“O, wad some Power the giftie gie us
To see oursels as ithers see us!” — R Burns
I don’t write about politics. It’s a rule of mine – make some people mad and other people smug, for what purpose?
Jack and I just got back from his annual tour taking Americans to Scotland, my first return in a few years. When we lived there, I used my bi-annual trips to the States as yardsticks, measuring how things were progressing for me and for my country. Living in Scotland as an American back in the 2000s could be tricky. US-ers weren’t popular.
This year, taking nine guests across familiar territory, it was almost unfamiliar. Edinburgh’s High Street has become Myrtle Beach. The smaller towns and hidden gems we led the group through are still hidden and lovely, but the people in them went out of their way to speak to us, to ask where we were from, tell us of their relatives Stateside, wonder how we were enjoying the holiday. Warmth, not patronage. (Well, except in Edinburgh, but that’s expected in a tourism Mecca.)
The “puir wee souls, how ya gettin on there” attitude continued across the Southwest of Scotland, the edge of the Highlands, and even Ulster in N. Ireland. I said as much to Colin, the long-time family friend who is our driver, as we sat in the hotel bar one night.
He gave an eye-averted smile. “The Trump Effect, we calls it,” he said.
A lengthy conversation ensued I won’t bore you with, but the jist was that America had shifted in the minds of most Scots, from “country voted most likely to drag Britain into a war” to a thoughtful consideration that we had outed our true values with the result that your basic poor sod on the street was screwed.
Money. America was always a corporate raider in the minds of Scots, its embodiment less Lady Liberty than a sharp-eyed man in a tailored suit, legal brief in one pocket, gun in the other. A country that talked about Democracy and played shell games with cash.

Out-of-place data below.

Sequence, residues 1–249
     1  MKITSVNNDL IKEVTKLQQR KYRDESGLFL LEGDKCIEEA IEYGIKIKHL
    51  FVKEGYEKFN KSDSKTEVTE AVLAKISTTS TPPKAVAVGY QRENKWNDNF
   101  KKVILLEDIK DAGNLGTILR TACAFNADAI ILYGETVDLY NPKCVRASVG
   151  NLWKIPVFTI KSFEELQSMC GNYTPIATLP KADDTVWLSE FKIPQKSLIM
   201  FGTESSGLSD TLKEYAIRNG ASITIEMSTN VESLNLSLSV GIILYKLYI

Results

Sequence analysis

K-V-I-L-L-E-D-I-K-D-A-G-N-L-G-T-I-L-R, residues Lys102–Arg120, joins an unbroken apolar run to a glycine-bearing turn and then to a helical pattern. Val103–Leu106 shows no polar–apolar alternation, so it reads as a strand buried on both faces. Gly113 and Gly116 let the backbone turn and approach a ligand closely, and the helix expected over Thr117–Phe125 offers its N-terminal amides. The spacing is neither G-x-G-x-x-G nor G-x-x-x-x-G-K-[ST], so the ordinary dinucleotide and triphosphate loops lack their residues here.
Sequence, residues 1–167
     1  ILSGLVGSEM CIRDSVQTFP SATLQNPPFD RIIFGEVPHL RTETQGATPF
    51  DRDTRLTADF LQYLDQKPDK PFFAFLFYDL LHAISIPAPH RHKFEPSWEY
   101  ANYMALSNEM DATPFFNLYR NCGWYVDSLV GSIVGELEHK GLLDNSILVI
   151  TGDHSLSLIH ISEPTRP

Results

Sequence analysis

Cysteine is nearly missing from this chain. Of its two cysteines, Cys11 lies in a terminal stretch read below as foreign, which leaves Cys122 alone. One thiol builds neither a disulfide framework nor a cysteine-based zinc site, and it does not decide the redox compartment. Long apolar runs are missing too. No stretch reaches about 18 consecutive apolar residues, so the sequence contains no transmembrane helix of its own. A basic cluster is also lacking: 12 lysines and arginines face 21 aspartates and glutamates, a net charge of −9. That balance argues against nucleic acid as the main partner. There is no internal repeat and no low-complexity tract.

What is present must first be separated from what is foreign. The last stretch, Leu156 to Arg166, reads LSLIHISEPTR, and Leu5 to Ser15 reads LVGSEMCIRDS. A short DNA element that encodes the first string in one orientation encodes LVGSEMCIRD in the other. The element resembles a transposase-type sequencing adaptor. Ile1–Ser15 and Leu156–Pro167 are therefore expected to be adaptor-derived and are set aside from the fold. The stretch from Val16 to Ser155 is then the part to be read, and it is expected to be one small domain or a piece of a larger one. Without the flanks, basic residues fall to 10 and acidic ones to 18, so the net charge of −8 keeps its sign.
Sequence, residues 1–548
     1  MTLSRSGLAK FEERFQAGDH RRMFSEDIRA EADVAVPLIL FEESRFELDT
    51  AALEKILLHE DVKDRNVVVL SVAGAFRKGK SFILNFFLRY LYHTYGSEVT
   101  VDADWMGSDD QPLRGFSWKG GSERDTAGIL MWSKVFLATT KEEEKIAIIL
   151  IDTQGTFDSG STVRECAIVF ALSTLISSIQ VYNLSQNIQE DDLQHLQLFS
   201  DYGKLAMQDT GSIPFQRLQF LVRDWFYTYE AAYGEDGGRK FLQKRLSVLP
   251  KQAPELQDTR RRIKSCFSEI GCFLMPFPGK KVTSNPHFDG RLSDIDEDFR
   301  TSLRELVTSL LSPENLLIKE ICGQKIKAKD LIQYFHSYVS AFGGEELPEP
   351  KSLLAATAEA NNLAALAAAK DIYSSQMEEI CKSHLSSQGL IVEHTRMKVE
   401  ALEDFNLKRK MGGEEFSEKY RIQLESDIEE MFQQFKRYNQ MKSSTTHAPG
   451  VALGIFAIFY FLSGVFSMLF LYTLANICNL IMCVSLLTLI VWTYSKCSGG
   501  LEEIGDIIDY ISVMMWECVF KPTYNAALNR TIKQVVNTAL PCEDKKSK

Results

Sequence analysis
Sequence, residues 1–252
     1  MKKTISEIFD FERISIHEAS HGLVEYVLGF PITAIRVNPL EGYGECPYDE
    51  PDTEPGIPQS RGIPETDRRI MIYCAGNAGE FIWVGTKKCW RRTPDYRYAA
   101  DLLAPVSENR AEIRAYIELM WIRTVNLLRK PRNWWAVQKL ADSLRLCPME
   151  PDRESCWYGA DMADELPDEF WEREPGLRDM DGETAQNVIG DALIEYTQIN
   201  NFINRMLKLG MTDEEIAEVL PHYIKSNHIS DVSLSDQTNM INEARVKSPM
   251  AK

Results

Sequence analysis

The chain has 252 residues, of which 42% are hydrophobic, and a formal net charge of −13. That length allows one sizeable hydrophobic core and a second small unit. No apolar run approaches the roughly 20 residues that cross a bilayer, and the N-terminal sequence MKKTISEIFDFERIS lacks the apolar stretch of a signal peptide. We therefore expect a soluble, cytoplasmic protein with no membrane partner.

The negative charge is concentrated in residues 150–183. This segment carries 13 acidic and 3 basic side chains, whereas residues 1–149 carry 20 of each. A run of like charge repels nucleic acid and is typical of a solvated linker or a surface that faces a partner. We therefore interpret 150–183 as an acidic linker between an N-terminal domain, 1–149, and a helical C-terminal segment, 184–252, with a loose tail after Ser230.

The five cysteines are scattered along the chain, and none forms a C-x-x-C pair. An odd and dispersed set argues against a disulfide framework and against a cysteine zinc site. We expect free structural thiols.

Now we had voted, in the minds of others, for a guy we thought would make us rich again. But not two-chickens-in-every-pot rich, just get-us-out-of-this-grindinng-poverty rich. Honestly, I never put Scots down for having a lot of good insights into America, their views being largely shaped by Channel 5 TV. If you watch enough reruns of Dallas and The Wolf of Wall Street… but Scots were now explaining to me how sad it was that America’s middle class was shrinking, its wealth consolidating.
Brigitta, the hotel hostess, paused to listen to our conversation. Brigitta had become a hospitality diva in our eyes because of her sweet efficiency, non-stop motion, and natural kindness. A native of Poland who had married her Scottish chef husband twenty years before, she often spiked her English with metaphors to make her meanings clear.
“America, its roots are showing.”
We looked at her, inviting more. She set down the water pitchers in her never-still hands and gestured to the part in her hair.
“Women, you know, we hide the grey, we color, here. Sometimes you don’t have enough money, you don’t do it again, it grows, so. Then roots show you are not who you show you are.”
“America is such. Says one thing, is another. Wants money. But poor people, no blame, of course want money. NEED money. Desperate makes you hope rich man helps. Is mistake, thinking rich man get them money. No. Money from, not for. Why they think rich man wants help anyone get money?” She clicked her tongue, picked up her pitchers, and disappeared.
Colin, Jack, and I stared at one another.
Finally I said, “That is what I have been trying to get to grips with for some time now. It’s that Burns poem come to life, to see ourselves as others see us.”
Colin turned and gestured for the bartender. “Then you’re gonna need another drink, lassie,” he said.